Atreus
Atreus
1 year ago
Reply to  David Hampsten

Wow, so much misinformation here.

The Director has a ton of influence on policy and overall direction of the agency, they are primarily responsible for the budget, they do most of the hiring and firing, etc. The Commissioner only has power over selecting the director, they don’t do any other hiring or firing and they only play an oversight role over policy and budget.

The idea that a secret cabal of civil engineers runs the bureau is a ridiculous notion. PBOT would be a very different agency if that were true.

David Hampsten
David Hampsten
1 year ago
Reply to  Atreus

Atreus, I don’t know who you are nor do I really care, but judging from your writing style you’ve been contributing to this blog for many years under various pseudonyms, and of course JM knows precisely who you are and seems happy to keep your identity under wraps.

I am curious though, since you seem to be so closely in tune with the city, either as a current or as a former employee, what positive aspects you hope for in the next PBOT director, with the understanding it will be the new city administrator who will be able to hire or fire her, their or him?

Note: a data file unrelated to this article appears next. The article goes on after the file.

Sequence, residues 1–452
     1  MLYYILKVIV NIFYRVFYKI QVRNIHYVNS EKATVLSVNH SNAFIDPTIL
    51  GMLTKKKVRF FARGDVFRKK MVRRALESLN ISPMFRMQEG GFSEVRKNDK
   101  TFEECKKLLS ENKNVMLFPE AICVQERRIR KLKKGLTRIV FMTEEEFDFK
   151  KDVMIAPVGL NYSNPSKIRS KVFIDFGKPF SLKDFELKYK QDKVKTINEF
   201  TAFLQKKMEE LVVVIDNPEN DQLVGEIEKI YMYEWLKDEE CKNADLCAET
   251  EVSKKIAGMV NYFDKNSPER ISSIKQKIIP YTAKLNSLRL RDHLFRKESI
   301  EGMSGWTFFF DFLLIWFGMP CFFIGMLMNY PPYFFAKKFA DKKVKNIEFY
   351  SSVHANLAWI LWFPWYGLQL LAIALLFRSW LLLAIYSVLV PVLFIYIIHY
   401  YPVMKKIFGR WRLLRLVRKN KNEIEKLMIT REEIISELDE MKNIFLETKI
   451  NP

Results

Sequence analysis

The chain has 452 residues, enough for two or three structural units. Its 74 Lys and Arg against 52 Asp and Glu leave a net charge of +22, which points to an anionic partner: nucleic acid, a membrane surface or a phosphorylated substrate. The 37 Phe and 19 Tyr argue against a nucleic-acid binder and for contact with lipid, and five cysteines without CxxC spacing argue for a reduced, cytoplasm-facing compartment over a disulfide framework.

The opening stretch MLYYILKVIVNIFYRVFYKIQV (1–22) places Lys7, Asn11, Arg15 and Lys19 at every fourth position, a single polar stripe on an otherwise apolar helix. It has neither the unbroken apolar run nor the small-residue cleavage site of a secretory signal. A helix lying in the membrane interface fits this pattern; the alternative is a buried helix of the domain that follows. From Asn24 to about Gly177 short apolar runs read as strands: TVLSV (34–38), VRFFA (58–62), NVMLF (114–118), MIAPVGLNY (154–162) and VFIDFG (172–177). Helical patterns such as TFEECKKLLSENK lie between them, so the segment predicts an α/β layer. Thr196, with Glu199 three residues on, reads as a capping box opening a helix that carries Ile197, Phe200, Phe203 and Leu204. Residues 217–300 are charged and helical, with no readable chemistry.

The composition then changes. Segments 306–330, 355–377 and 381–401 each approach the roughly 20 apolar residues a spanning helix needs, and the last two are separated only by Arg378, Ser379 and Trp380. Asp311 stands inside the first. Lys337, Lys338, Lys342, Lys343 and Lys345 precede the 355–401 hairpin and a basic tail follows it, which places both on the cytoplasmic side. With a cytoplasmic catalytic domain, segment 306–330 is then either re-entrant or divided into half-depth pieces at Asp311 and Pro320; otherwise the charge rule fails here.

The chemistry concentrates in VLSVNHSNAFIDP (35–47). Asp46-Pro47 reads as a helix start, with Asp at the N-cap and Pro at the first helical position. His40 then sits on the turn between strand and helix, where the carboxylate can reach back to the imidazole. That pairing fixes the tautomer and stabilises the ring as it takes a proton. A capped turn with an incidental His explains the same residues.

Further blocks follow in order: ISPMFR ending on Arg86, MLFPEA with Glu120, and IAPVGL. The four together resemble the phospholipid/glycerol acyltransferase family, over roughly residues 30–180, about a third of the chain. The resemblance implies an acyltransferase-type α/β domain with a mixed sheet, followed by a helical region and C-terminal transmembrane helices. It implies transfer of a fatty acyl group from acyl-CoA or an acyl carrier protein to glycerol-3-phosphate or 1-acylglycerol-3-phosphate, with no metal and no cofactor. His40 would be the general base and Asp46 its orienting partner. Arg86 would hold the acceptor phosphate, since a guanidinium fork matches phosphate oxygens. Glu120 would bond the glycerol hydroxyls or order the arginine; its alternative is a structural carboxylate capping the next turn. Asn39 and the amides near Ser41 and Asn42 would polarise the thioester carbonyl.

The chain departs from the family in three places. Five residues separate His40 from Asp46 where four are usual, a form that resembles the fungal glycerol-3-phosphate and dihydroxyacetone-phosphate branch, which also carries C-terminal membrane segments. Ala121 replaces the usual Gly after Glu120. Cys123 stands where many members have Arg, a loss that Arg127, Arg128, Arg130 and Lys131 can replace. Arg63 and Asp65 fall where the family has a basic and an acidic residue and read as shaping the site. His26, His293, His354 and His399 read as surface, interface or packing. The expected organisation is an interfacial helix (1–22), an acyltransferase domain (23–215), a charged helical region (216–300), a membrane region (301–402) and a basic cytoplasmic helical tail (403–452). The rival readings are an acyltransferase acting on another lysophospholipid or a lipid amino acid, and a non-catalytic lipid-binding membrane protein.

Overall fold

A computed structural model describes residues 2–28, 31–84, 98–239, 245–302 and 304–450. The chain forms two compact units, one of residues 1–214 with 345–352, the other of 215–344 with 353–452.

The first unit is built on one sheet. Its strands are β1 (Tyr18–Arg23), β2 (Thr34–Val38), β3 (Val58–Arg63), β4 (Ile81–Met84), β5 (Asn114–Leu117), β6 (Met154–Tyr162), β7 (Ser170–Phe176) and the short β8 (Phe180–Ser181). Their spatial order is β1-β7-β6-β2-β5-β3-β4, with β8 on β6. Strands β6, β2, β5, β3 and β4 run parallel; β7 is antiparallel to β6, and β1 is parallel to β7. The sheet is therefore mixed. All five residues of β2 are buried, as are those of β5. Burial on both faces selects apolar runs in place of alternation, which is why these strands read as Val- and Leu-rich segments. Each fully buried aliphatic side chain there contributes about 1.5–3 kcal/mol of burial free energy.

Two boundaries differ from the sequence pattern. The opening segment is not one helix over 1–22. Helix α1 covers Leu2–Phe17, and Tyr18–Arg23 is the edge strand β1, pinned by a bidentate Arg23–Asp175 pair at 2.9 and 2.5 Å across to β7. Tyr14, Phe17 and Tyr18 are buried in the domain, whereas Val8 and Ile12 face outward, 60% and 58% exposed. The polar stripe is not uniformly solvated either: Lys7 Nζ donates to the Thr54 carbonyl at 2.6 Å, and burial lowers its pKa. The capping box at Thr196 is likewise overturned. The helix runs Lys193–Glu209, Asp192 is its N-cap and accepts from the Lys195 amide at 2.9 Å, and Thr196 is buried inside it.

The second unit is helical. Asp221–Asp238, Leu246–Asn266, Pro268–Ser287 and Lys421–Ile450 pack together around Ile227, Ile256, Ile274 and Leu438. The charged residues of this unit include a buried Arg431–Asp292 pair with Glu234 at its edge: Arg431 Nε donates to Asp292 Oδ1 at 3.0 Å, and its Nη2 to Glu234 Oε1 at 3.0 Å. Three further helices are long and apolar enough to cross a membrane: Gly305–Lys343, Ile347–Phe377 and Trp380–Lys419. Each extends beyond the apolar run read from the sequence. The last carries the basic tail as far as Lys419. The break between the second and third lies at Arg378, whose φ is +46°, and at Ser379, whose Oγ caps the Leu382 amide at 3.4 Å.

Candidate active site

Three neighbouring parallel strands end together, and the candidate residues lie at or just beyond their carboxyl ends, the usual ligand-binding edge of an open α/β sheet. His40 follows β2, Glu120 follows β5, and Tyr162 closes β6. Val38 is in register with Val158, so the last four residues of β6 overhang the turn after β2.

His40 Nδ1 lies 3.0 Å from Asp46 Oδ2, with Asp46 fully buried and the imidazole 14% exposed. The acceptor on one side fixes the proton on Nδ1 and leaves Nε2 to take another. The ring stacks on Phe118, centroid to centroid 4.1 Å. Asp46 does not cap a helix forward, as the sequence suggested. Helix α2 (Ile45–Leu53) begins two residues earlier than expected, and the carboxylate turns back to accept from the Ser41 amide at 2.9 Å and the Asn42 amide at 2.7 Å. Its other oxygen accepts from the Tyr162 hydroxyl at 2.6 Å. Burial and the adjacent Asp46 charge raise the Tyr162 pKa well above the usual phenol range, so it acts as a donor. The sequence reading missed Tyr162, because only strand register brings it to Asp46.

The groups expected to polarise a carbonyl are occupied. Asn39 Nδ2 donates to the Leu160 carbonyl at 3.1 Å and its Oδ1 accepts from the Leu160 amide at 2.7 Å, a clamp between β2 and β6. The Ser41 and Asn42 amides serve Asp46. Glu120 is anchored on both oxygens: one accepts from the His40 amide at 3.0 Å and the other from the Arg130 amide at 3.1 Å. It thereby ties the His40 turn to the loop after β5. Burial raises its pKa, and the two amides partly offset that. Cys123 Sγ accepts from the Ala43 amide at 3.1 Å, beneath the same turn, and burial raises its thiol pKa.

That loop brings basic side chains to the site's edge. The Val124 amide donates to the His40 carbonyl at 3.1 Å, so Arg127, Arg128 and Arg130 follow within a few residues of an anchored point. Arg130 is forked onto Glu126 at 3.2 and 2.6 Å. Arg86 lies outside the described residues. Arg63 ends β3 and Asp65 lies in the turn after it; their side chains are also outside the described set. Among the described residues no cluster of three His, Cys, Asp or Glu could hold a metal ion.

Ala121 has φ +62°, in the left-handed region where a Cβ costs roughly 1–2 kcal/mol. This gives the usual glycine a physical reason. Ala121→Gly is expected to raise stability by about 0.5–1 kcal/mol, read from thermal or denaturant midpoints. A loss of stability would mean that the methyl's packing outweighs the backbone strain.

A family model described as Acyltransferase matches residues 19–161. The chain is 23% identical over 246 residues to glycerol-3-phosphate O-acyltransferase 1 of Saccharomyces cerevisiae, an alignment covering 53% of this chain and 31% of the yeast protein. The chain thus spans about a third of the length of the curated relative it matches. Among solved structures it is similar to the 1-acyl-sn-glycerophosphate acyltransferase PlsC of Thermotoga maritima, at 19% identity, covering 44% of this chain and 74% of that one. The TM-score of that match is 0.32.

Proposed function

FDUP
FDUP
1 year ago
Reply to  Atreus

Au contraire, civil engineers actually do have an undue amount of influence and control in all three infrastructure bureaus – PBOT, BES and PWB. There are many civil engineers in upper and mid management positions in all three Bureaus and they do exert a very high level of influence over both Bureau policy and budget.

And commissioners have as much power as they are willing to exert; for example, both Erik Sten and Randy Leonard turned the Water Bureau upside down implementing their personal agendas during the time each was commissioner in charge at PWB.

BTW, my guess is that Atreus is a new pseudonym for paikiala.

Serenity
Serenity
1 year ago
Reply to  David Hampsten

Is that how you imagine it works, David? I imagine it works differently now than it used to…

David Hampsten
David Hampsten
1 year ago
Reply to  Serenity

Atreus & Serenity, whoever you are, you will of course continue to believe whatever you want to believe, no matter which color pill you take…